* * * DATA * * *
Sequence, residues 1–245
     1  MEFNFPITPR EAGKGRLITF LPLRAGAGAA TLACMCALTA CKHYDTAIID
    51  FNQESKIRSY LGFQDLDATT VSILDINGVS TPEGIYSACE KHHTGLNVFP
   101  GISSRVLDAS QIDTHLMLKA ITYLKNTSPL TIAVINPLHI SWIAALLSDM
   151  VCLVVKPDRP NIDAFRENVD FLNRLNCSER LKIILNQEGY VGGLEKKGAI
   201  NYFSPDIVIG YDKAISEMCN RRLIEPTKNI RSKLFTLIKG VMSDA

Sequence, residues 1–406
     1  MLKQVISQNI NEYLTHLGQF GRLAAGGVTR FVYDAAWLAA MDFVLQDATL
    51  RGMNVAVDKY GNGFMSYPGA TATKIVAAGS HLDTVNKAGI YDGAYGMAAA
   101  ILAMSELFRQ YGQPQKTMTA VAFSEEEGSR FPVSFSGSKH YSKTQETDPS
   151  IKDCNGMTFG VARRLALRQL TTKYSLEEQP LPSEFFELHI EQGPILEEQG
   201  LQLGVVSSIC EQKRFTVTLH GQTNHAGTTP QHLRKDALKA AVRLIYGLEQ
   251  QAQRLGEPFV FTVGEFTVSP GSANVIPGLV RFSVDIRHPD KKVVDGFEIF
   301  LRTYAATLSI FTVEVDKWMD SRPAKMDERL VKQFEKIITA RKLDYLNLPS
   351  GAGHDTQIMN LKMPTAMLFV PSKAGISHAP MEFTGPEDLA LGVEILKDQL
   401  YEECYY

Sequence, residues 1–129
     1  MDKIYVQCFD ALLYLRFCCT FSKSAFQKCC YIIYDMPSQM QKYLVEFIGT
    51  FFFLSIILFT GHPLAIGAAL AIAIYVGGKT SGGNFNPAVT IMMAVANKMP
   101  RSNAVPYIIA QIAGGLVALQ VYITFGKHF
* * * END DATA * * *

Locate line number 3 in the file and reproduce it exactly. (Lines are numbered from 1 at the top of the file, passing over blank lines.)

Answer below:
    51  FNQESKIRSY LGFQDLDATT VSILDINGVS TPEGIYSACE KHHTGLNVFP